In the ongoing conflict between Israel and Hamas, international justice is being summoned, with several complaints lodged at the International Criminal Court (ICC) following the 7 October attack by Hamas in Israel and the response by Israeli Defense Forces in Gaza.
Public hearings have also been set for February 2024 by the International Court of Justice (ICJ) on the “legal consequences arising from Israel’s policies and practices in the Occupied Palestinian Territory, including East Jerusalem,” within the framework of a request for an advisory opinion prior to the current conflict, emanating from the United Nations General Assembly.
Complaints filed so far include:
- Reporters Without Borders (RSF) submitted a complaint on 31 October to the ICC for “war crimes committed against journalists in Israel and Palestine,” citing the death of nine journalists, an Israeli killed during the attack on his kibbutz on 7 October, and eight Palestinians. The document mentions the destruction of 50 premises belonging to press organizations in Gaza. This is the third complaint since 2018 filed by RSF with the ICC following the death of journalists in Gaza. The most recent complaint, in 2022, was filed in conjunction with one by the Qatari channel Al Jazeera regarding the shooting death of its Palestinian journalist Shirin Abu Akleh in the West Bank.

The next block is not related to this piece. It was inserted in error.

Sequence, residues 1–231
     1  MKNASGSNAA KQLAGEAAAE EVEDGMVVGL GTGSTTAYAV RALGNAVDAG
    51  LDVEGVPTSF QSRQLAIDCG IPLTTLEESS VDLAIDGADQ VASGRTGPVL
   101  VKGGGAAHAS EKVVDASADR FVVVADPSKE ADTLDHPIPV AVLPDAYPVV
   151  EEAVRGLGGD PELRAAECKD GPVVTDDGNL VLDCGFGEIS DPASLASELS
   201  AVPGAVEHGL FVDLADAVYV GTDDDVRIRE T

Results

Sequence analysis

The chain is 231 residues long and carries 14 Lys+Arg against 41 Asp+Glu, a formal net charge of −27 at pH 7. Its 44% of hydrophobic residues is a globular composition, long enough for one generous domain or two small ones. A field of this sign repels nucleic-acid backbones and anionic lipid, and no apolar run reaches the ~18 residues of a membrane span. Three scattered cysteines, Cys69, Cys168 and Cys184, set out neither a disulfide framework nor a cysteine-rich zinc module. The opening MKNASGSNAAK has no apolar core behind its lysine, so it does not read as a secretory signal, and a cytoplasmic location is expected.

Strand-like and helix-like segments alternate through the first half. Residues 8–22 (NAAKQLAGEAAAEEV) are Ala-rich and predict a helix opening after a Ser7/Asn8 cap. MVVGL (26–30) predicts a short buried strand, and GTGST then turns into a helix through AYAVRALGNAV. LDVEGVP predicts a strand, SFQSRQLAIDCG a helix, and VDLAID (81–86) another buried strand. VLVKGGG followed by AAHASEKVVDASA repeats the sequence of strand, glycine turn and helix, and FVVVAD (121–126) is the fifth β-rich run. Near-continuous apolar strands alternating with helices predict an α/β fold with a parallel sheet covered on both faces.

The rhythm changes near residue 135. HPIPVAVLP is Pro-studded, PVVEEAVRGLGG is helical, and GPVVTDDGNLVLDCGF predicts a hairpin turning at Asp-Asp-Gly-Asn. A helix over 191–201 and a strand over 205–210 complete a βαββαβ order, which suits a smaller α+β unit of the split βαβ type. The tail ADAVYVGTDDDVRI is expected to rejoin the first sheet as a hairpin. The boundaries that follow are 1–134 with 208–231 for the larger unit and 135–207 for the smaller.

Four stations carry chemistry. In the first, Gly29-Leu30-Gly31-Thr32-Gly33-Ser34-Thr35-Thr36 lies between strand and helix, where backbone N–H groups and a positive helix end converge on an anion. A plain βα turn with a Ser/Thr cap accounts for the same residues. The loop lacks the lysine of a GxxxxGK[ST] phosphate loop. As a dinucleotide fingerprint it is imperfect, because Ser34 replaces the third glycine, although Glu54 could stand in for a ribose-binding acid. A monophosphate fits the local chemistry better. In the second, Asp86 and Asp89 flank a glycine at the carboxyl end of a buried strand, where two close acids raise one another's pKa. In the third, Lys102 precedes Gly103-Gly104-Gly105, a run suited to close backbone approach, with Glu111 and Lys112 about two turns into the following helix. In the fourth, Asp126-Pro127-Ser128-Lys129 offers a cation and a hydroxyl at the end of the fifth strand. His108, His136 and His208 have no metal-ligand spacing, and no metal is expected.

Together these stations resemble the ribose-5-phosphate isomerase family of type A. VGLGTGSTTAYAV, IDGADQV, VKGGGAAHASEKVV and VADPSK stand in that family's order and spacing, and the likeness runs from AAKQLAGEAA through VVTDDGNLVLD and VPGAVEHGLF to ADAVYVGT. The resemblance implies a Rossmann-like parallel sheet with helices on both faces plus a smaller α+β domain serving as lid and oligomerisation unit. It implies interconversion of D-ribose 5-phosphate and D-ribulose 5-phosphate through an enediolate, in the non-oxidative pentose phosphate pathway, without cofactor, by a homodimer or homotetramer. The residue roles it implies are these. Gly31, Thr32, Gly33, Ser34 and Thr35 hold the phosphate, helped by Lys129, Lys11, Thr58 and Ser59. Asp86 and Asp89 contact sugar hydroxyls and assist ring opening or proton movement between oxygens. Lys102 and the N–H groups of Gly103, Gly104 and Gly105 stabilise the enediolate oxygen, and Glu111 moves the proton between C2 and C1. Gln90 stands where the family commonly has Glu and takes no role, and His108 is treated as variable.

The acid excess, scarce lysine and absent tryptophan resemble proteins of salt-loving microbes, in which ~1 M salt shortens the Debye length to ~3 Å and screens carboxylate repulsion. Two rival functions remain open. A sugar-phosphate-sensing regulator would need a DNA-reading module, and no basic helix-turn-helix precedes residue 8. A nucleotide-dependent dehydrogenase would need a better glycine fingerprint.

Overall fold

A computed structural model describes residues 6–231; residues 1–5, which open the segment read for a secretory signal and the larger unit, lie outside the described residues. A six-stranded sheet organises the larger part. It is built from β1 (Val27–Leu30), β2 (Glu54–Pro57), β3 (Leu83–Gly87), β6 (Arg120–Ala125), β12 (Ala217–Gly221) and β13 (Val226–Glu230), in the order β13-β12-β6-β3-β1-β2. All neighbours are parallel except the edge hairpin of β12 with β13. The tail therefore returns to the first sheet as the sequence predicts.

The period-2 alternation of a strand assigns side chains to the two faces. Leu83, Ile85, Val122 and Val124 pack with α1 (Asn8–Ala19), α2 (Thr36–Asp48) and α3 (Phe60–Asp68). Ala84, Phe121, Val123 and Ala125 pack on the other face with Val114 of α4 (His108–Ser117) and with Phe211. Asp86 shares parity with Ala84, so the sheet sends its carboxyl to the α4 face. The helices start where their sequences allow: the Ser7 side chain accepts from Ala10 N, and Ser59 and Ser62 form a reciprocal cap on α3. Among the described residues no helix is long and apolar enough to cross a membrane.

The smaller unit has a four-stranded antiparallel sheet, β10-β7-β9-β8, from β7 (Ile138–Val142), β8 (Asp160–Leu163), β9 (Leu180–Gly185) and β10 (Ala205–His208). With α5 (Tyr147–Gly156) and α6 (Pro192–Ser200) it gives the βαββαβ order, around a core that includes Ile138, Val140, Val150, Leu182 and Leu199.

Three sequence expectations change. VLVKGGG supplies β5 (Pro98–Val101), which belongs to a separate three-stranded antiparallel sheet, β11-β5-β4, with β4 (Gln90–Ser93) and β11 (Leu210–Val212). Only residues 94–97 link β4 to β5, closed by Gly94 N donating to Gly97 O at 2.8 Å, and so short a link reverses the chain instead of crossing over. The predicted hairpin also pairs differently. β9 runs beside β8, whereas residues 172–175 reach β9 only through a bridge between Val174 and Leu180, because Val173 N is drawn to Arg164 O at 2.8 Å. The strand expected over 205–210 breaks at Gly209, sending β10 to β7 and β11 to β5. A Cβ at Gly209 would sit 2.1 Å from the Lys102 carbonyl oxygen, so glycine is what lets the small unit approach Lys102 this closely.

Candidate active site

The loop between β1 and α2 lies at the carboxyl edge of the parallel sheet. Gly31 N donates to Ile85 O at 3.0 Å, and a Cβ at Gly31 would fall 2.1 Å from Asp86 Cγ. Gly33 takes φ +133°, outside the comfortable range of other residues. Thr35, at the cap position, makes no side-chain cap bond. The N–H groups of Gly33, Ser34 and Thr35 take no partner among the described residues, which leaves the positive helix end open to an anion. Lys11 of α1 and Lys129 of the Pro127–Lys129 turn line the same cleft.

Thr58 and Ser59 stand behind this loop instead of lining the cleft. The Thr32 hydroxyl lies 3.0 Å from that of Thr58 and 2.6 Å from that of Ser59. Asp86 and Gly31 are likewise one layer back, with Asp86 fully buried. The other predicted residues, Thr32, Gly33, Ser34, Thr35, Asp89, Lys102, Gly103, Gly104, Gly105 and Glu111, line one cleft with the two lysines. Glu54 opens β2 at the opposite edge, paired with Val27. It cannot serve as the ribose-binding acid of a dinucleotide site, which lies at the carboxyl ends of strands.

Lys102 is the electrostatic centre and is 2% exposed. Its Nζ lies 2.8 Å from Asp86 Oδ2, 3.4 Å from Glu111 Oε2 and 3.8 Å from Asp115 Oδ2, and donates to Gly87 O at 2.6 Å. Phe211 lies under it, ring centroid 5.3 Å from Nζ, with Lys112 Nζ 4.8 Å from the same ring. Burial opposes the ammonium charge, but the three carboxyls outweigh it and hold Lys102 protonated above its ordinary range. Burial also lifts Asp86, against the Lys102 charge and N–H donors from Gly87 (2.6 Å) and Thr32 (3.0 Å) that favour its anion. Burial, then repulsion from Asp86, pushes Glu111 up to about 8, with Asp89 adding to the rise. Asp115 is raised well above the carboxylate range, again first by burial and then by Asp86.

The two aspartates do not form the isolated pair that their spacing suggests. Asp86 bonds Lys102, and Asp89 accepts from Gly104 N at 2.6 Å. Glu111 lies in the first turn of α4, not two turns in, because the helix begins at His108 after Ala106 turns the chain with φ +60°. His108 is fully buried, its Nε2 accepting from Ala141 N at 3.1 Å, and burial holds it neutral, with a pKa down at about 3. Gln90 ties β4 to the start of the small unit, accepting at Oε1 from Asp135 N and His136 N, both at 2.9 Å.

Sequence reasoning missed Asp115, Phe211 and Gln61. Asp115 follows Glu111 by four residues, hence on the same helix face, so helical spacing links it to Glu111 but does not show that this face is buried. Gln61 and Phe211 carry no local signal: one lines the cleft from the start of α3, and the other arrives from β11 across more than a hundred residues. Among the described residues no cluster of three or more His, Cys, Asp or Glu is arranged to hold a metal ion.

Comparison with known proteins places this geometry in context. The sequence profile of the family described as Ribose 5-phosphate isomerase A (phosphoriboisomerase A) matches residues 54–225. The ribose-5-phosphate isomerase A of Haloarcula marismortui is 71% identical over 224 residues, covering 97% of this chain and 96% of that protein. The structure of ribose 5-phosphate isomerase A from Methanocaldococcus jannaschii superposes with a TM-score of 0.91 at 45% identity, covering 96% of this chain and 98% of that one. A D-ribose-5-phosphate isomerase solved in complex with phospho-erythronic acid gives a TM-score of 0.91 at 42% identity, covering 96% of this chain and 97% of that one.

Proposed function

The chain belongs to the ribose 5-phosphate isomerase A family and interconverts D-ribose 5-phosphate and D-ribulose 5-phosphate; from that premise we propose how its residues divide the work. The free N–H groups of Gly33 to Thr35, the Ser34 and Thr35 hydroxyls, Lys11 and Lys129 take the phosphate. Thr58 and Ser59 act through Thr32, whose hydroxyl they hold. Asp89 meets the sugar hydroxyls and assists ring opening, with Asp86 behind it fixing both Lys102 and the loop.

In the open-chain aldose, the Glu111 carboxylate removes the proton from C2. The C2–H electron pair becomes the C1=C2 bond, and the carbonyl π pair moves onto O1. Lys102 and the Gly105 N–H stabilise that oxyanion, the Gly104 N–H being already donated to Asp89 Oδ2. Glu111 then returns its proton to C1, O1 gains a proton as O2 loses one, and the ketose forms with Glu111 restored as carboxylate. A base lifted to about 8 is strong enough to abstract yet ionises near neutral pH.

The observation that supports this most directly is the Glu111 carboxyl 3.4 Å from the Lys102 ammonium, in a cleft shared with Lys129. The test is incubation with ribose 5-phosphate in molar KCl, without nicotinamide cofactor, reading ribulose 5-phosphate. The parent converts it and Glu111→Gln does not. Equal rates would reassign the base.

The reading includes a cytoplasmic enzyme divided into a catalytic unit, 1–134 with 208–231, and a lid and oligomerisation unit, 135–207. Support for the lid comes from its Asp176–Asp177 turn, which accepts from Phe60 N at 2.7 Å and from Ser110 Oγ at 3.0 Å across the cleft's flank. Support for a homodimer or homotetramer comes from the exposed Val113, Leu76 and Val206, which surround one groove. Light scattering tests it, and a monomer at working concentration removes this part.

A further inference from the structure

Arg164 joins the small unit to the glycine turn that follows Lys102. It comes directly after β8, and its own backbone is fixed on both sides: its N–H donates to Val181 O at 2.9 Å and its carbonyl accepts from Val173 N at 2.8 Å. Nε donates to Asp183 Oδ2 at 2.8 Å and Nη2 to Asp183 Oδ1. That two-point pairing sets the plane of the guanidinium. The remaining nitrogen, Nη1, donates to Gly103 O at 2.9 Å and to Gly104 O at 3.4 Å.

- Nine Israeli families impacted by the Hamas attack on 7 October filed a complaint on 2 November at the ICC for “war crime, crimes against humanity, and genocide,” with their lawyer requesting the ICC consider issuing international arrest warrants against Hamas leaders.
- A third complaint for “genocide” in Gaza was filed on 8 November by a collective composed of a hundred jurists from several countries, including members of the bar in Algeria, private individuals, and representatives of associations, represented by the French lawyer Gilles Devers.
- Three Palestinian human rights organizations (Al-Haq, Al Mezan, and the Palestinian Centre for Human Rights) filed a complaint on 8 November with the ICC for “war crimes,” “apartheid,” “genocide,” and “incitement to genocide,” requesting the issuance of arrest warrants against three Israeli leaders. The complaint cites “bombings on a densely populated area, the siege of Gaza, the forced displacement of the population of Gaza, the use of toxic gas, and the deprivation of necessities such as food, water, gasoline, and electricity.”